Me: I think I’ve seen something like that. It was kind of an internet thing wasn’t it?

S: Yeah it was during Vine in like, 2013. I found out about it because I saw videos on youtube and then everyone in school was trying it. It was like everywhere for a while.

Me: It’s crazy how I don’t even remember it. I wonder if kids still play it. So, do you think it was real?

S: No of course not, someone would always like, blow on it so it would move. But if one gullible kid lost their shit, it was a good time. 

My thoughts: The prevalence of this game is interesting because it was so widely spread online, and it reached kids from all over the country and possibly the world who played it for themselves. It was such a short lived cycle because it took place in the early 2010’s when short videos, such as Vines, were growing in popularity, and people began to consume more pieces of smaller media. Things would become rapidly popular and then become rapidly replaced, a trend cycle which has continued into the 2020’s with apps like TikTok.

The “S”

Background: My informant is a 20 year old boy who grew up in California.

G: So the concept is to just draw a cool s with the six lines and the connectors so it kind of looks 3D. This one is pretty common, we all learned it in school from our friends at some point. I think I learned it when I was 8. You can just put it anywhere, it’s funny if you put it on a homework assignment or something to kind of mess with a teacher. You see it in graffiti a lot too.

My Thoughts: I learned this when I was about the same age and going to school in Colorado. I’m not sure how long its been around, but I think it’s something that every kid learns how to do and then doodles it all over their school notes. I think I learned it from older kids, so it felt almost like an initiation.

The neighbor’s chicken is a goose

Background: My informant, O, is a 19 year old male consulting over text with his 60 year old Persian aunt. He recalled hearing this proverb from his great grandparents and grandparents growing up.

مرغ همسایه غازه in Farsi 

O: It basically means that from your perspective other people’s things look more enticing then they actually are. Sort of like “the grass is greener on the other side”. Because geese are more valuable than chickens apparently. In Persian culture, money and status are really important, but uh… virtues are as well, if that makes sense. So a lot of our proverbs are reminders to ourselves to keep our principles. To avoid envy in this case.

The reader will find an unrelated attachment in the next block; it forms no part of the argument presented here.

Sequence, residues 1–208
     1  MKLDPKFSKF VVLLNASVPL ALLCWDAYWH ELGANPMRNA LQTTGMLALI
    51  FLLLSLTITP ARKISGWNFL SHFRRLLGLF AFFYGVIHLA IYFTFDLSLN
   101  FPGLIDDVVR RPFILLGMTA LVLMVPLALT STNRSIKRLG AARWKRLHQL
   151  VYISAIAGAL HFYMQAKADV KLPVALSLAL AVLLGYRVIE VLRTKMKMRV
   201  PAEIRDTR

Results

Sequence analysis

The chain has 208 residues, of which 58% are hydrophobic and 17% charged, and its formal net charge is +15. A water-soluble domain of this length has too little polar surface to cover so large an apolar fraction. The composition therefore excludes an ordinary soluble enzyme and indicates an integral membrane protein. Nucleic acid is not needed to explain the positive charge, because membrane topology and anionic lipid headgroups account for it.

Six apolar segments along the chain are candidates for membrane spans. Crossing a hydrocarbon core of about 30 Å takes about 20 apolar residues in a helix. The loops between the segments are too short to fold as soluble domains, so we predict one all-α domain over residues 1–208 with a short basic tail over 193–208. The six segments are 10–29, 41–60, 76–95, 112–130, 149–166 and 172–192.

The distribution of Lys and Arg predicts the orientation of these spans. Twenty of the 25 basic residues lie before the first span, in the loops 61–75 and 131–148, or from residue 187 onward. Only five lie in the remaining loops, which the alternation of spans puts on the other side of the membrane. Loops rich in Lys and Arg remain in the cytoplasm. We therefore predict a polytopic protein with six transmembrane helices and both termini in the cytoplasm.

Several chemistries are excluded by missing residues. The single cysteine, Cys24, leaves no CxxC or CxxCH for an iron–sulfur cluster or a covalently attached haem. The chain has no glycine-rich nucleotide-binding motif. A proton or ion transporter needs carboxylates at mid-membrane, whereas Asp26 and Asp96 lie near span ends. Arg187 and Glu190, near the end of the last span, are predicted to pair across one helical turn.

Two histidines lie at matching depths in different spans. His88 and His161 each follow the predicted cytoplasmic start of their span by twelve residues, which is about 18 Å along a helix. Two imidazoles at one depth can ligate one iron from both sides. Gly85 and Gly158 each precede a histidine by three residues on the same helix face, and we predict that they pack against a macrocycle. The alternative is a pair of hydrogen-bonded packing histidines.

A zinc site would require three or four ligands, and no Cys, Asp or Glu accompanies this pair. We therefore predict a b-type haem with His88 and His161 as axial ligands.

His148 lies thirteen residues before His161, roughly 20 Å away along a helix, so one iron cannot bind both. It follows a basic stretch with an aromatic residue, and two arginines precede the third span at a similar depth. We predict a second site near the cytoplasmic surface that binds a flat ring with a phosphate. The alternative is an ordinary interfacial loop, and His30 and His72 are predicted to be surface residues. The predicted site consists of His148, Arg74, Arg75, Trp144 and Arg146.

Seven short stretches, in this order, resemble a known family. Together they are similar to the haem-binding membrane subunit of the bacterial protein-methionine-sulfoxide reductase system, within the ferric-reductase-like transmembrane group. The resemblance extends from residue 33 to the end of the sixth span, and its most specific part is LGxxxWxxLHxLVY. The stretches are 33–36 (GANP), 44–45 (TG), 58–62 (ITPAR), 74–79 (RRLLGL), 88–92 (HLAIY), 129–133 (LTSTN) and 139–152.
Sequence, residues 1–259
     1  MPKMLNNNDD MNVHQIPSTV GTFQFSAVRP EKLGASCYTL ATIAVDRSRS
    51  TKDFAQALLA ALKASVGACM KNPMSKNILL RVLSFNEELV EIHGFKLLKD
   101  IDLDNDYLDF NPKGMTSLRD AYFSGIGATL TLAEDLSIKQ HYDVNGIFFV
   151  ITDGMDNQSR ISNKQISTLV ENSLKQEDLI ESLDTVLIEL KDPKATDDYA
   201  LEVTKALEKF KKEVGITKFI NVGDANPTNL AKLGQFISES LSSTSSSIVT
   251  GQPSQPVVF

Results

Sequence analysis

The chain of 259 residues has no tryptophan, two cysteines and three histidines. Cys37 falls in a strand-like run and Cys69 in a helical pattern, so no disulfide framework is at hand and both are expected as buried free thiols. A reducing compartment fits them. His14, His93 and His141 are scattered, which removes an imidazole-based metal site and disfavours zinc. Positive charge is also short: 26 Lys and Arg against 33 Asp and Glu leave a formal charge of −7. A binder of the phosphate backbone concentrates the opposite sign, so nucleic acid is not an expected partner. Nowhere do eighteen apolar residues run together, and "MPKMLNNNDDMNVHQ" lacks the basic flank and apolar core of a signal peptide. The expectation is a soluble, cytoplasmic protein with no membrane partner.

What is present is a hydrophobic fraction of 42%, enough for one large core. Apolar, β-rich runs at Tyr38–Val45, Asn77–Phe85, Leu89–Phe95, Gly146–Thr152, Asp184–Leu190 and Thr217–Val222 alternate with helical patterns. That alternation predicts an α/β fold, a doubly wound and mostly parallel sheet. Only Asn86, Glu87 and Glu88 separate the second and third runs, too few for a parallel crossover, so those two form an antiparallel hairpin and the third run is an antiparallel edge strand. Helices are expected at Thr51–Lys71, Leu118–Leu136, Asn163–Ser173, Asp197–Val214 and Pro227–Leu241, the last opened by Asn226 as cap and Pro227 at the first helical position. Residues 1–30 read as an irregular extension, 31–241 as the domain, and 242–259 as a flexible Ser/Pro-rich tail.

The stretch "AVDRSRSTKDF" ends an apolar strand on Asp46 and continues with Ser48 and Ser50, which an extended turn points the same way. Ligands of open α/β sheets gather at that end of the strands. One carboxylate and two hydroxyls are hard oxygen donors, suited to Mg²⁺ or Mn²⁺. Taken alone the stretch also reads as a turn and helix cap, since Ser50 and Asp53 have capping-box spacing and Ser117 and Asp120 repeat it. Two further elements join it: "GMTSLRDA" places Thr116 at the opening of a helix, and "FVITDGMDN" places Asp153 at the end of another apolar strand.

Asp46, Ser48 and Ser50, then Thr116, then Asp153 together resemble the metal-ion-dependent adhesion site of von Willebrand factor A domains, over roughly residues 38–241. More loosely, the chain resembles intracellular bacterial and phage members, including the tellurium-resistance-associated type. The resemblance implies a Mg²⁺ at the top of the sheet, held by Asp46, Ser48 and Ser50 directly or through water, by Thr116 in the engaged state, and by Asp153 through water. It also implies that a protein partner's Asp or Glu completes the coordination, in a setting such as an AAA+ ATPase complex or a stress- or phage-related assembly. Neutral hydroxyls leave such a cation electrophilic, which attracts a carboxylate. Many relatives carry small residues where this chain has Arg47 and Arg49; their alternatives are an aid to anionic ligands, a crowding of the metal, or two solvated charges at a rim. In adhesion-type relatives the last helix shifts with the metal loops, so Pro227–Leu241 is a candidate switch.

My thoughts: This proverb is interesting because it is so similar to the english proverb “The grass is always greener on the other side” but in farsi it is the way it is because it has a certain sound to it that makes it easier to remember, much like how many english proverbs have alliteration or rhyme.

A fish caught is always fresh

Background: My informant, O, is a 19 year old male consulting over text with his 60 year old Persian aunt. He recalled hearing this proverb from his great grandparents and grandparents growing up.

ماهی را هروقت از آب بگیری تازه است in Farsi

O: My dad always says this one to me, and my great aunt too. This idea is very ingrained in the culture.  It means that it’s never too late to do something, it’s never too late to start school or accomplish a goal you’ve set for yourself. My family would say it as a sort of comfort, like they’d tell me stories of people who didn’t find success or their calling in life until they were older. 

My thoughts: I personally really enjoy this proverb because it speaks to a exceedingly common insecurity about how to live one’s life. Across cultures, it doesn’t hurt to be reminded that you don’t need to be doing everything at the same pace as your peers, and if you need to take some time off in your life to figure things out before you go out and find what you are meant to do, you can. But you should always know that one day you can do what you dream. The fish are always there for you to catch, and it doesn’t matter at what point in your life you accomplish something, it’s more important that you just accomplish it.